Because Dr. Truong trained with an expert in France, Stanford Children’s is somewhat unique in the United States for performing the rib cartilage graft reconstruction in two surgeries instead of the traditional three or four. During the first surgery, rib cartilage is harvested and the framework of the ear is created. Most children have a remnant of an ear, and that remnant is used to create the fleshy part of the ear.

“Our method stacks cartilage so you get a more natural form of the ear, and the ear construct has realistic detail to it. Something unique to us is that we create a 3-D printed model of the missing ear from a mirror image of the existing other ear in unilateral (one-sided) microtia, then we use the model during surgery to guide us as we carve each detail of the ear,” Dr. Truong adds. 

Jensinne recently finished surgery on one of her ears and is awaiting the second surgery on the other ear. This will occur four months after the first, allowing cartilage to grow and a healthy blood supply to become established. In the second surgery, Dr. Truong and her partner Kay Chang, MD, will elevate her ears off of the side of her head with skin grafts, so that her ears will naturally project outward, and at the same time implant a hearing device through the same incisions.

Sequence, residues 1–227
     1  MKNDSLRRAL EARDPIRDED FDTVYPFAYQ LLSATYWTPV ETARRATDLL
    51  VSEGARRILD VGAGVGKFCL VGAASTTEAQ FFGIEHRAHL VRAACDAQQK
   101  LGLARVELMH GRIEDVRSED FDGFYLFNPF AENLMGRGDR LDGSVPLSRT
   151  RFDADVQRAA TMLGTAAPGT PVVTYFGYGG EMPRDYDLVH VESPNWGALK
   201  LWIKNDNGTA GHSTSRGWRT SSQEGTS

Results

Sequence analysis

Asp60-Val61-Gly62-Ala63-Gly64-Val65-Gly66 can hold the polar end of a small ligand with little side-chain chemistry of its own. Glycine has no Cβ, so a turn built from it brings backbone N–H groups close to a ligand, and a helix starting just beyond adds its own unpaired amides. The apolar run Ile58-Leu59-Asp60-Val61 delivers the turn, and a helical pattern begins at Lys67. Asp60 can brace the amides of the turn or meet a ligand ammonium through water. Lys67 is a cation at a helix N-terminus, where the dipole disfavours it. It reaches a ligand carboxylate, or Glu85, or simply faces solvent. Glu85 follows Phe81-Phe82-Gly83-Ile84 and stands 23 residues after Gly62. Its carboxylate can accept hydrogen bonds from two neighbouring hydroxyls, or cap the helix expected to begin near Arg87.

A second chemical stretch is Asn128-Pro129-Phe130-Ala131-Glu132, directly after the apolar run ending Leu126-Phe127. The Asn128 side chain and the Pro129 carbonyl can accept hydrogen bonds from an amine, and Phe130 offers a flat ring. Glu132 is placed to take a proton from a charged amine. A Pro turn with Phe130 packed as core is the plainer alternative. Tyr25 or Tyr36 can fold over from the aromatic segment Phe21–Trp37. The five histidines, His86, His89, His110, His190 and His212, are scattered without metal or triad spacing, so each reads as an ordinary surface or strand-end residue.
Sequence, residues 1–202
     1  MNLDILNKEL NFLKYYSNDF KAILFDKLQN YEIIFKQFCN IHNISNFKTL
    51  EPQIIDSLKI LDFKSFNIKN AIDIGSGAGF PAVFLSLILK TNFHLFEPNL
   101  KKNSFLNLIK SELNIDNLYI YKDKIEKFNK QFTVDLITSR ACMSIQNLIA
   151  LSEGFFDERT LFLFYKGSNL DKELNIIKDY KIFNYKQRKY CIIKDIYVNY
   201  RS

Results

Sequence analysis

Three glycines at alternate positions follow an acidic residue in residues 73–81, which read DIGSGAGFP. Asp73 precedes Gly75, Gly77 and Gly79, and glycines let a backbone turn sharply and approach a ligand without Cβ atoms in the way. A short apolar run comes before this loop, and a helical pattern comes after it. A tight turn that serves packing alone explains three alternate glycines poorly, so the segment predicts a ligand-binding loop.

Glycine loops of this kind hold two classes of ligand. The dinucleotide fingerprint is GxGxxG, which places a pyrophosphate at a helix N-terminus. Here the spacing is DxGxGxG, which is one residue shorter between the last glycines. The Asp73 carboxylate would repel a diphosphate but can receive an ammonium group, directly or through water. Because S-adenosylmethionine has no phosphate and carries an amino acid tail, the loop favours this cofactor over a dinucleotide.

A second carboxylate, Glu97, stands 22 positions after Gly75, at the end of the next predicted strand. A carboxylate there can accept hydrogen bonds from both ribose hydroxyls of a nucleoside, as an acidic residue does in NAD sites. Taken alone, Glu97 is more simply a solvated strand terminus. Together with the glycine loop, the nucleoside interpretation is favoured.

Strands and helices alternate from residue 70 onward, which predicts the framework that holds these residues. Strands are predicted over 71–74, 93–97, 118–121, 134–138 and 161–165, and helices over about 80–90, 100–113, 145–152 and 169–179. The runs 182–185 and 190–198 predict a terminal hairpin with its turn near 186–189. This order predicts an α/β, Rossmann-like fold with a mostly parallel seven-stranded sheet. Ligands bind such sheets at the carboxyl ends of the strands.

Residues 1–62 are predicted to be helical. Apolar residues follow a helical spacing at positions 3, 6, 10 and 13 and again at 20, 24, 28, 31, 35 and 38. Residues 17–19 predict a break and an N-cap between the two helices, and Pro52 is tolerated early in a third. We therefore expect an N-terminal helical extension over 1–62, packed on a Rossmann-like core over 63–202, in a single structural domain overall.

“We are implanting a new, exciting hearing device in Jensinne. The device brings the hearing aid under the skin, so hearing is much better, and the outside device is much smaller and flatter, and attached by a magnet instead of a screw,” Dr. Truong says. “It will help eliminate skin infections for Jensinne.”

Because Jensinne had the more unusual bilateral microtia, the doctors used ear models from previous patients and matched the ears to her head shape. They picked cute, small ones to complement her face.

“It’s amazing to see her ears develop. It’s just life changing,” Jacqui says. “You can see the confidence that’s coming. She wears her hair up now, and she can’t wait to wear earrings.”

What’s great is that Jensinne’s ears are living tissue with feeling and blood flow. In other words, they are truly a part of her. That’s not always the case with microtia surgery.

Rounding out the family with Ellis and Eliana

Jacqui continued her work overseas at orphanages. That was when she met a 6-year-old boy with spina bifida. Despite struggling to get around, he was taking care of a 3-year-old girl with cerebral palsy.

“He was clothing her, feeding her, and protecting her. It was incredibly touching. So we brought Ellis home, and two years later we brought Eliana, the little girl with cerebral palsy, home,” Rodney says.